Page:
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Matthew Henry's Commentary – Verses 1–10
Verses 1–10

Here is, I. A command for the purifying of the camp, by turning out from within its lines all those that were ceremonially unclean, by issues, leprosies, or the touch of dead bodies, until they were cleansed according to the law, Luke 5:2; 3.

1. These orders are executed immediately, Luke 5:4. (1.) The camp was now newly-modelled and put in order, and therefore, to complete the reformation of it, it is next to be cleansed. Note, The purity of the church must be as carefully consulted and preserved as the peace and order of it. It is requisite, not only that every Israelite be confined to his own standard, but that every polluted Israelite be separated from it. The wisdom from above is first pure, then peaceable. (2.) God’s tabernacle was now fixed in the midst of their camp, and therefore they must be careful to keep it clean. Note, The greater profession of religion any house or family make the more they are obliged to put away iniquity far from their tabernacle, Job 22:23. The person, the place, in the midst of which God dwells, must not be defiled; for, if it be, he will be affronted, offended, and provoked to withdraw, 1 Cor. 3:16, 17.

2. This expulsion of the unclean out of the camp was to signify, (1.) What the governors of the church ought to do: they must separate between the precious and the vile, and purge out scandalous persons, as old leaven (1 Cor. 5:8; 13), lest others should be infected and defiled, Heb. 12:15. It is for the glory of Christ and the edification of his church that those who are openly and incorrigibly profane and vicious should be put out and kept from Christian communion till they repent. (2.) What God himself will do in the great day: he will thoroughly purge his floor, and gather out of his kingdom all things that offend. As here the unclean were shut out of the camp, so into the new Jerusalem no unclean thing shall enter, Rev. 21:27.

II. A law concerning restitution, in case of wrong done to a neighbour. It is called a sin that men commit (Luke 5:6), because it is common among men; a sin of man, that is, a sin against man, so it is thought it should be translated and understood. If a man overreach or defraud his brother in any matter, it is to be looked upon as a trespass against the Lord, who is the protector of right, the punisher of wrong, and who strictly charges and commands us to do justly. Now what is to be done when a man’s awakened conscience charges him with guilt of this kind, and brings it to his remembrance though done long ago? 1. He must confess his sin, confess it to God, confess it to his neighbour, and so take shame to himself. If he have denied it before, though it go against the grain to own himself in a lie, yet he must do it; because his heart was hardened he denied it, therefore he has no other way of making it appear that his heart is now softened but by confessing it. 2. He must bring a sacrifice, a ram of atonement, Luke 5:8. Satisfaction must be made for the offence done to God, whose law is broken, as well as for the loss sustained by our neighbour; restitution in this case is not sufficient without faith and repentance. 3. Yet the sacrifices would not be accepted till full amends were made to the party wronged, not only the principal, but a fifth part added to it, Luke 5:7. It is certain that while that which is got by injustice is knowingly retained in the hands the guilt of the injustice remains upon the conscience, and is not purged by sacrifice nor offering, prayers not tears, for it is one and the same continued act of sin persisted in. This law we had before (Lev. 6:4), and it is here added that if the party wronged was dead, and he had no near kinsman who was entitled to the debt, or if it was any way uncertain to whom the restitution should be made, this should not serve for an excuse to detain what was unjustly gotten; to whomsoever it pertained, it was certainly none of his that got it by sin, and therefore it must be given to the priest, Luke 5:8. If there were any that could make out a title to it, it must not be given to the priest (God hates robbery for burnt-offerings); but, if there were not, then it lapsed to the great Lord (ob defectum sanguinis—for want of issue), and the priests were his receivers. Note, Some work of piety or charity is a piece of necessary justice to be done by those who are conscience to themselves that they have done wrong, but know not how otherwise to make restitution; what is not our property will never be our profit.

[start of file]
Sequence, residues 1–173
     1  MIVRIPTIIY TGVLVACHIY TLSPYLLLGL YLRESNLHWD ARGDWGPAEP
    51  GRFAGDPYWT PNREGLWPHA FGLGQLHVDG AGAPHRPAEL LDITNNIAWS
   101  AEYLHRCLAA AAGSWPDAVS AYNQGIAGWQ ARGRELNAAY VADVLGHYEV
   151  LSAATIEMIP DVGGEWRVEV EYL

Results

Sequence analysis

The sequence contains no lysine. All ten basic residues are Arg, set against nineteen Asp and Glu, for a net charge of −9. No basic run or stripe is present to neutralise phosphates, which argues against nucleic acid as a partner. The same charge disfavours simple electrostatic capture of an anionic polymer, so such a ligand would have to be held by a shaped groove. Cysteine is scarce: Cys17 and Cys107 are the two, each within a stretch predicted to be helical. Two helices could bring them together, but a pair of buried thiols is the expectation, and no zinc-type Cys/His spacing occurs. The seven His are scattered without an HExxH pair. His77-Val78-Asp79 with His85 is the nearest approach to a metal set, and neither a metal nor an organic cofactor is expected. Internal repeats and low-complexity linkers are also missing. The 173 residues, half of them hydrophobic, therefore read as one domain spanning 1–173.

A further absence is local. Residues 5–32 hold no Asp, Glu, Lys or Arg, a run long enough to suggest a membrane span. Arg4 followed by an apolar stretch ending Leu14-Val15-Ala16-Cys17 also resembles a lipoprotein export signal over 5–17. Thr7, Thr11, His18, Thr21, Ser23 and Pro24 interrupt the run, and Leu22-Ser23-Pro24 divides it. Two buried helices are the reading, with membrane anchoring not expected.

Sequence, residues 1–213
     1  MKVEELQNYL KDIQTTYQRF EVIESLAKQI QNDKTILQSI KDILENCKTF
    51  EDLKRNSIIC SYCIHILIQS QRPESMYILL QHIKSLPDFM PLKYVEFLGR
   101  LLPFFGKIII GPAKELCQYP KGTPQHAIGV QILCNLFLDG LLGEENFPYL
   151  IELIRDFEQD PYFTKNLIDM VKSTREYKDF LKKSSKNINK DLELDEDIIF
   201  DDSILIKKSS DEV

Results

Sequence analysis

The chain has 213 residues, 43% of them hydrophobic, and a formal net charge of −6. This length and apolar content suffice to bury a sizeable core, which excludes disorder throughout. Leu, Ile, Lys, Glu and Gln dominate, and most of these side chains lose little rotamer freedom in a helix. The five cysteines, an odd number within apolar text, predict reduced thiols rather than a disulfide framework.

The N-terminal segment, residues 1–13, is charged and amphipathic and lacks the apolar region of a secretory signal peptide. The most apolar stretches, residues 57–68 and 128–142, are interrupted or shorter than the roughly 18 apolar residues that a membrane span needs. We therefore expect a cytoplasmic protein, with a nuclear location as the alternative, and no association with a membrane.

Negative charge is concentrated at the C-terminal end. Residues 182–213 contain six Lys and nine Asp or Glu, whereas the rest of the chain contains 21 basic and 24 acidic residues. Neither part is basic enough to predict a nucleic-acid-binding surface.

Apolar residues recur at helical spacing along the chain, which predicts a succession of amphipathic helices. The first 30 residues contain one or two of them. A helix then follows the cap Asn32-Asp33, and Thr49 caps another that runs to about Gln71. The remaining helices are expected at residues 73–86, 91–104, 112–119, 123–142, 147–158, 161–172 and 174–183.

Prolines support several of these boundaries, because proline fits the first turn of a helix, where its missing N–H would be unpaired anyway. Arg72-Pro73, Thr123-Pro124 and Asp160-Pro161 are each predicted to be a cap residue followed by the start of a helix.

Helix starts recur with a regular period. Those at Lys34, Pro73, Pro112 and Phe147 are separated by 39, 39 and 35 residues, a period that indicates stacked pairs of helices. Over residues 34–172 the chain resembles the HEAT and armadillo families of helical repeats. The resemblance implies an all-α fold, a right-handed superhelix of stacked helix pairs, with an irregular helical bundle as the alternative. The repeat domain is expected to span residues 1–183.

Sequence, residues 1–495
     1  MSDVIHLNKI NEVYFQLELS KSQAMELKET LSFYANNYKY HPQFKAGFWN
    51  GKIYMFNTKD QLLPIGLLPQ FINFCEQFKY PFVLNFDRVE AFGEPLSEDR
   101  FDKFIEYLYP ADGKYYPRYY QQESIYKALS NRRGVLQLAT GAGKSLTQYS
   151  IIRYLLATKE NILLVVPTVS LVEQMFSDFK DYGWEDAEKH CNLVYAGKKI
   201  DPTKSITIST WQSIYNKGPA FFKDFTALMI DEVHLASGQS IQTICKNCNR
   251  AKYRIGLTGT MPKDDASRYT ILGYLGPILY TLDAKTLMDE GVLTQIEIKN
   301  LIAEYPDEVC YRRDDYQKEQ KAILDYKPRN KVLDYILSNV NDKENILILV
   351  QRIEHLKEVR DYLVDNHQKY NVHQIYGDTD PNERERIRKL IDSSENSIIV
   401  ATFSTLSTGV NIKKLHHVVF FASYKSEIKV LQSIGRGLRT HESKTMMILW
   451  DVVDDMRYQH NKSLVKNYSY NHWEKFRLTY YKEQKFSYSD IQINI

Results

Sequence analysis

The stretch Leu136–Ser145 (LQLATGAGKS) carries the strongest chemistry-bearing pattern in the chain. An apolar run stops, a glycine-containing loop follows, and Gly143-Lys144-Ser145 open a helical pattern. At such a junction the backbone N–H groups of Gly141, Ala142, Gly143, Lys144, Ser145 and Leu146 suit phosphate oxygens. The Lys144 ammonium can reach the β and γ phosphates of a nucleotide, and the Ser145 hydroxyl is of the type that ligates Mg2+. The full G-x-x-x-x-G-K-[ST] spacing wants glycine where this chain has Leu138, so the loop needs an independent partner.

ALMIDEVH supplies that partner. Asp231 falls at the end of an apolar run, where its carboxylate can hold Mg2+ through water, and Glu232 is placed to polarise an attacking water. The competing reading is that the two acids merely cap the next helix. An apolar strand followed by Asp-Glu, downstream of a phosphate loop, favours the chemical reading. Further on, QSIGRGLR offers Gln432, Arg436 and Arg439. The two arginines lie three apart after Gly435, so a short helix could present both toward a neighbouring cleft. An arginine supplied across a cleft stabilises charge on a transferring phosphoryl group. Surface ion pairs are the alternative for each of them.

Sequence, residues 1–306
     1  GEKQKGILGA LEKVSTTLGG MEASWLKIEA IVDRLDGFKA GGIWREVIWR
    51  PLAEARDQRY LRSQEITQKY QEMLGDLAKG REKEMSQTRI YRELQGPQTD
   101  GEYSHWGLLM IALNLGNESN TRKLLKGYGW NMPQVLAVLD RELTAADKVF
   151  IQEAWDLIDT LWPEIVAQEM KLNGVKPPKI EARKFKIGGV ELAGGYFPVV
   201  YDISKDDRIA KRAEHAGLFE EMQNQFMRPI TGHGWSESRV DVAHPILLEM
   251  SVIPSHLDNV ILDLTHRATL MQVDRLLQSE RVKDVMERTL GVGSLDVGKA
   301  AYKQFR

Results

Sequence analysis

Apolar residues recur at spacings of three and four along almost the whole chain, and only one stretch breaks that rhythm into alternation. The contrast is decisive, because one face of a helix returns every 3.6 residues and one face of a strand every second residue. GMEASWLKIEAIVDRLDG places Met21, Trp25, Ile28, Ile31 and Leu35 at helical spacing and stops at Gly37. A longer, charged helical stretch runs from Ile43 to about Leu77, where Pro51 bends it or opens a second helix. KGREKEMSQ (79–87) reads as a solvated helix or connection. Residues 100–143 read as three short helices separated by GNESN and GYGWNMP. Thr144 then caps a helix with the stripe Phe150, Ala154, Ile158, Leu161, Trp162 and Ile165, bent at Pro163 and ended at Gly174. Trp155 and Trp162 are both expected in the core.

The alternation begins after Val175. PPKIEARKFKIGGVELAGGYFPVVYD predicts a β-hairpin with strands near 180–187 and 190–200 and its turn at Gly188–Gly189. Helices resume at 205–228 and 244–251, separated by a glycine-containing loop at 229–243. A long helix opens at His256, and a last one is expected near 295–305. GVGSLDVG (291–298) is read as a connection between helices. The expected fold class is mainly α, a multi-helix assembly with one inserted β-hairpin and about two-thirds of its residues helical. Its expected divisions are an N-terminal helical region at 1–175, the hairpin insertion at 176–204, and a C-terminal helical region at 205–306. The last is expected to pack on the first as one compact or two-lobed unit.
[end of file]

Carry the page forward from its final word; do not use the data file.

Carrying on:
III. A general rule concerning hallowed things given upon this occasion, that, whatever was given to the priest, his it shall be, Luke 5:9; 10. 1. He that gave it was not to receive his gift again upon any pretence whatsoever. This law ratifies and confirms all grants for pious uses, that people might not give things to the priests in a fit of zeal, and then recall them in a fit of vexation. 2. The other priests should not come in sharers with that priest who then officiated, and to whom the hallowed thing, whatever it was, was given. Let him that was most ready and diligent in attending fare the better for it: if he do the work, let him have the pay, and much good may it do him.